- The deadline for independent power companies to reach financial close in a project to fast-track new electricity production has again been extended.
- The Risk Mitigation IPP Procurement Programme was intended to help quickly plug SA's power supply gap.
- But the project has been hit with repeated delays.
The Department of Mineral Resources and Energy has again extended the deadline for 11 companies to reach financial close in a project meant to fast-track emergency power to cut down on load shedding.
This is the third time the deadline has been extended.
The state's Risk Mitigation Independent Power Producer Procurement Programme was designed to enable independent power producers to rapidly add about 2000MW of electricity to the national grid.
Preferred bidders, including floating powership company Karpowership SA, were initially supposed to reach financial close by the "non-negotiable" date of the end of July 2021. This was later extended to end September and then again to the end of January 2022 as companies struggled to obtain regulatory approvals.
This date has now been extended by two months to the end of March.
A lawsuit launched by a losing bidder also caused delays. In early December, DNG Energy argued in court that the emergency power programme had been marred by "undue influence" which favoured its rival Karpowership SA, and should be set aside.
The government denied claims there was a plot to keep DNG Energy from winning its bid, saying the emergency company was simply disqualified for not meeting tender requirements. Karpowership also denied DNG's claims, calling them "completely unbelievable".
While the legal challenge was dismissed, DNG has said it may appeal.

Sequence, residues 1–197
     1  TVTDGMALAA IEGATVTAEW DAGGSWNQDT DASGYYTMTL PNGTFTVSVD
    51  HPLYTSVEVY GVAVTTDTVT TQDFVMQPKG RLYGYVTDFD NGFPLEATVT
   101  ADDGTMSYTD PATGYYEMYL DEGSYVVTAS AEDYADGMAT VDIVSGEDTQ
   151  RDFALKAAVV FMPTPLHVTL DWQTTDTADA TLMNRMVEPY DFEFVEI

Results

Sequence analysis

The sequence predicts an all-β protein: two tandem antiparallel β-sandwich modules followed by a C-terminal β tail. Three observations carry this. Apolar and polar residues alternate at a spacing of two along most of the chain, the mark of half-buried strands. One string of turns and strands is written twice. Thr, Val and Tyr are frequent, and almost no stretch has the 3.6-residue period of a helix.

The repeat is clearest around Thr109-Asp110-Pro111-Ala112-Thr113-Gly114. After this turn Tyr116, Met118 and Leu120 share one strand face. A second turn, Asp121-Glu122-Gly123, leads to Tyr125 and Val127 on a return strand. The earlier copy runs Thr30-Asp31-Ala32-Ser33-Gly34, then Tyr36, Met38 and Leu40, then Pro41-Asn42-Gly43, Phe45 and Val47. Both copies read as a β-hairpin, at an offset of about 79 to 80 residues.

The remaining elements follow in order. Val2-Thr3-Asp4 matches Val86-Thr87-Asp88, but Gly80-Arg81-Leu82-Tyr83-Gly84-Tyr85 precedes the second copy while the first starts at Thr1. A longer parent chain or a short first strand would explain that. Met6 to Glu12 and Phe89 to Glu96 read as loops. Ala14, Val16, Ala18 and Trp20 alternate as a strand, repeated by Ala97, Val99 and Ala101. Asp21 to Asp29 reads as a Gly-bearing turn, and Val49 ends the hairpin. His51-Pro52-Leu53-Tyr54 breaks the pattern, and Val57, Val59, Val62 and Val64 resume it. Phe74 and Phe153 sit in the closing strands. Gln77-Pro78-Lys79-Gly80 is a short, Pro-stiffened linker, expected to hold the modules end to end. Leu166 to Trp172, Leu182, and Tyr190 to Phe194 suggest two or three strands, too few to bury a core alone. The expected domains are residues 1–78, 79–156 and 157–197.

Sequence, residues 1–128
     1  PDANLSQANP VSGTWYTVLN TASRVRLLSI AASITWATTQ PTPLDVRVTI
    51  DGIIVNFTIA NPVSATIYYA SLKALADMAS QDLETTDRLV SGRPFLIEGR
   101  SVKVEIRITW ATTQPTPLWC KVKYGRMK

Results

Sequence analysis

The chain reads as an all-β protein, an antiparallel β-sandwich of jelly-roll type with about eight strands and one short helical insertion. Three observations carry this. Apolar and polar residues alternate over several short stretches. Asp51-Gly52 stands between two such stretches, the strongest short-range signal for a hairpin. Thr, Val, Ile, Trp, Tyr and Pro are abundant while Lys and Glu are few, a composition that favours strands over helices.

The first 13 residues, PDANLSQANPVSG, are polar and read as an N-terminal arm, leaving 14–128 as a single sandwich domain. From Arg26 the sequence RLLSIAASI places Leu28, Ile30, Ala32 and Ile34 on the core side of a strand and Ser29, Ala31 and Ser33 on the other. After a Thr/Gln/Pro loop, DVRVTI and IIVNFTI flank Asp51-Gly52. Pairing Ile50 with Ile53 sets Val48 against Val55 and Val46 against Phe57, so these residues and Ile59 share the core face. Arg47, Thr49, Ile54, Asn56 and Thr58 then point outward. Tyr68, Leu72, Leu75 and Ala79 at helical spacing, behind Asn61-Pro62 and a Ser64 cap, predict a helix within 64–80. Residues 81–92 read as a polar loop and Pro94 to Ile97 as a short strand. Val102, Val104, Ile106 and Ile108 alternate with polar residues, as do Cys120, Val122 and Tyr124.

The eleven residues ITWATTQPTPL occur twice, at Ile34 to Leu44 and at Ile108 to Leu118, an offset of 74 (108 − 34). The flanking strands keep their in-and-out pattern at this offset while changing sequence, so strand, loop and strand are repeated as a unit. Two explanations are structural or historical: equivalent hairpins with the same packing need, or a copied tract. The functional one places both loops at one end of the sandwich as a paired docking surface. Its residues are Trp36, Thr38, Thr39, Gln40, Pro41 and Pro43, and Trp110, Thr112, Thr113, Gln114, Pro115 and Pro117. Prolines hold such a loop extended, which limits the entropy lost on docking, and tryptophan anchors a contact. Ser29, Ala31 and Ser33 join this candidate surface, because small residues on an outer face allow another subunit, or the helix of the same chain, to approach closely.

On Monday, the Department of Mineral Resources and Energy said the ruling "enables the government and Eskom to finalise its governance and regulatory approval processes".
"It is expected that these projects will be operational and ready to deliver much needed generation capacity to the national grid starting 12 months from Financial Close."
For energy analyst Chris Yelland, speaking to Fin24 last week before the third extension was officially confirmed, the project appears to have been hamstrung by a lack of urgency.
Yelland said the project was first announced in December 2019 when President Cyril Ramaphosa cut short an official visit to Egypt to rush home as the country experienced stage 6 load shedding.
But just over two years later, construction has not yet started on any of the projects.
"It was supposed to be an emergency procurement," he said. "Why are we having an emergency round for with special provisions. It was supposed to come really quickly."
Yelland noted that South Africa's "normal" independent power producer procurement programme had now essentially "caught up" with the emergency project due to repeated delays.
"It just seems to me to be fundamentally flawed," he said.
He noted that National Treasury and power utility Eskom both still had to to sign off on the multi-billion rand project.